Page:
Train across France completes 'hell on wheels' journey
A night train on France's famed SNCF rail network arrived 13 hours late after a series of unfortunate events delayed its journey across the country.
The fate of the 4295 train and its 600 passengers, travelling from Strasbourg in the north-east to the Spanish border at Portbou, made national headlines.
Bad weather, a late driver, a bad engine, a blockage on the line and disruptive drunks all played a part.
It was "hell on wheels", one traveller tweeted as the SNCF offered refunds.
Leaving Strasbourg on the German border at 2130 (2030 GMT) on Sunday, the 4295 had been scheduled to arrive in Portbou on the border with Spain at 0830 on Monday.
Part of the train, which was to split in Lyon, had been destined for Nice on the French Riviera.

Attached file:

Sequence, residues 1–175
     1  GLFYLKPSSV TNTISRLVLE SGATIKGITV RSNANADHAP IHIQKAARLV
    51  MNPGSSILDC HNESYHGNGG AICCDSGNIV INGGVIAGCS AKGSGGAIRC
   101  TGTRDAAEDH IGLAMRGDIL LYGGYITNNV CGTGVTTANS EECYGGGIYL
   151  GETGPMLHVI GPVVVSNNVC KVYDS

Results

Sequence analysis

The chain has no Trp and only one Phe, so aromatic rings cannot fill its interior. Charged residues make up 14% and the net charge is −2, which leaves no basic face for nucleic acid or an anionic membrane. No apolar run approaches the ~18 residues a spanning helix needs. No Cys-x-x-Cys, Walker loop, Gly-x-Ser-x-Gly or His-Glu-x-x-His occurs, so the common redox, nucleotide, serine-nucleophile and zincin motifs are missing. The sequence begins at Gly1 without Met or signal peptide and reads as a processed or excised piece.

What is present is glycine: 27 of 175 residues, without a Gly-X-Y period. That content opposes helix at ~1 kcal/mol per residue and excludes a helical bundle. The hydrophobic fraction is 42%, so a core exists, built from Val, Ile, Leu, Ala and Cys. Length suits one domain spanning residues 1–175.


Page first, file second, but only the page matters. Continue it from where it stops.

However, when the train reached Belfort, just 120km (75m) out of Strasbourg, it was decided to replace the driver on health and safety grounds, as the individual had been working for three days.
A replacement had to be brought up from Lyon and did not arrive until about 0600, the SNCF said.
Passengers' attempts to sleep through the stop-over at Belfort were not helped when "two or three" got drunk and began causing trouble. They were taken off the train by police.
After a further delay caused by a broken-down train on the line, the 4295's own engine failed and three hours were spent at Tournus, awaiting a replacement.
It finally reached Lyon at 1700, where the passengers going south-west were transferred to another train, while those travelling in the Nice direction remained aboard.
A few dozen of the latter arrived in Perpignan, the train's final destination, just before 2200.
"We are very relieved to have arrived," said one passenger, Solange, who was with her partner Vincent and their two children aged four and one.
"We feel like we've been shipwrecked."
Those travelling across the border to the Spanish village of Portbou were given taxis, according to Le Monde newspaper.
Regretting the "serious but isolated" incident involving its night train, the SNCF offered travellers both a refund of their fares and a free return ticket.